Implementing technology as a school leader can be an intimidating experience. Fortunately a small but growing body of research at the intersection of educational leadership and technology yields a developing, empirical picture of what good educational technology leadership looks like. And you don't need to be an IT expert to follow the advice.
To frame the emerging research, it is useful to refer to a book chapter written in 1993 by Chris Dede, then professor of information technology and education at George Mason University in the US. He wrote about what technology leadership should look like and from this you can take three key attributes, with current research backing up these prescient early predictions.
1. Envisioning opportunities:
"One of the most important attributes that distinguishes leaders from managers is vision: the ability to communicate desirable, achievable futures quite different from where the present is drifting."
Since Dede wrote these words, vision has repeatedly been found to be integral to the successful implementation of technology by school leaders. US academics Barbara Levin and Lynne Schrum, who studied the leadership of eight technology-rich schools, found that vision was a central component of the success at those facilities. "The leadership . talked about the necessity of having a vision, and the importance of having a clearly articulated mission statement regarding their purposes for using technology," they noted.
In a study of schools where laptops were provided for every child, School Technology Leadership: artifacts in systems of practice, Sara Dexter, associate professor at the Curry School of Education, University of Virginia, is more specific, stating that leaders have to illustrate the connection between the "what, how and why" of the vision and how that connects to the real world of the classroom.
2. Displacing cherished misconceptions:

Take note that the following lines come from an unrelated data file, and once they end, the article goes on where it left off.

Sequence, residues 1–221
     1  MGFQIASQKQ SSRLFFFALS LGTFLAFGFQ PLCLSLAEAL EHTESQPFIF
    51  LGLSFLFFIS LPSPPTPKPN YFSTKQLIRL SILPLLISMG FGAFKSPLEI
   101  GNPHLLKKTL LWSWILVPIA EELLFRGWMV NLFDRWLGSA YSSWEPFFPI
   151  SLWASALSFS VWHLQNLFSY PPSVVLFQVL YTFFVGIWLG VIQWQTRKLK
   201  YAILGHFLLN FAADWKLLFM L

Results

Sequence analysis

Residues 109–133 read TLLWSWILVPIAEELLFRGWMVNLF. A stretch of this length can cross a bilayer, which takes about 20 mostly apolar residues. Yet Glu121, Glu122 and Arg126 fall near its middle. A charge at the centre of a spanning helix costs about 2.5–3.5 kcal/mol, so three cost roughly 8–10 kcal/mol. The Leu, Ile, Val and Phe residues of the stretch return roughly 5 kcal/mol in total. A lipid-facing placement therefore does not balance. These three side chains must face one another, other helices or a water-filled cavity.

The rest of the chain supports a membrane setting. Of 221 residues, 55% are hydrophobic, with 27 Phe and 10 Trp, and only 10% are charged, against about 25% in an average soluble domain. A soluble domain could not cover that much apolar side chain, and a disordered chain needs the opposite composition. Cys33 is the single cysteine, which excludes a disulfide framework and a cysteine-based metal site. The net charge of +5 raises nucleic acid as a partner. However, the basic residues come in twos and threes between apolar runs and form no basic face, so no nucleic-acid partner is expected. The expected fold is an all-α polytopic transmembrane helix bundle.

"An important attribute of leaders is their ability to displace deeply held, cherished misconceptions with alternative visions that more accurately depict reality."
The above is referring in large part to the attitude of "my way has always worked fine" that can be found in schools. Much of the research into technology implementation singles this attitude out as one of the major barriers to success. "Once teachers' mindsets have changed to include the idea that teaching is not effective without the appropriate use of (information and communications technology) resources to achieve student learning outcomes, we will have reached a significant milestone," state US academics Peg Ertmer and Anne Ottenbreit-Leftwich in the study Teacher Technology Change: how knowledge, beliefs, and culture intersect. Leaders, then, have to persuade teachers to buy in to technology use in classrooms. Only then can they implement their vision.
3. Discouraging followers:
"A destructive myth about leadership is that a visionary person gives directions to followers who execute this plan. Real leaders discourage followers, instead encouraging use of their visions as a foundation for other, better insights."
The key point is that building a team of talented individuals and trusting them to implement technology is crucial to making it work. Harnessing their knowledge means the leader does not have to have all the answers, while a broader push for implementation makes the case for technology more compelling.
With these tactics, even leaders stuck in the technological stone age should be able to implement a cohesive and intelligent technology strategy. You don't need to be an expert in IT, just in how you lead and utilise the knowledge of others.
Jonathan D Becker is associate professor of educational leadership at Virginia Commonwealth University, US. His research looks at the intersection of educational leadership, technology and policy
Dede, C (1993) "Leadership without followers", pp 19-28 in G Kearsley and W Lynch, eds, Educational Technology: leadership perspectives (Educational Technology Publications).
Levin, BB and Schrum, L (2012) Leading Technology-Rich Schools: award- winning models for success (Teachers College Press).
Subramaniam, K (2007) "Teachers' mindsets and the integration of computer technology", British Journal of Educational Technology, 638: 1056-1071.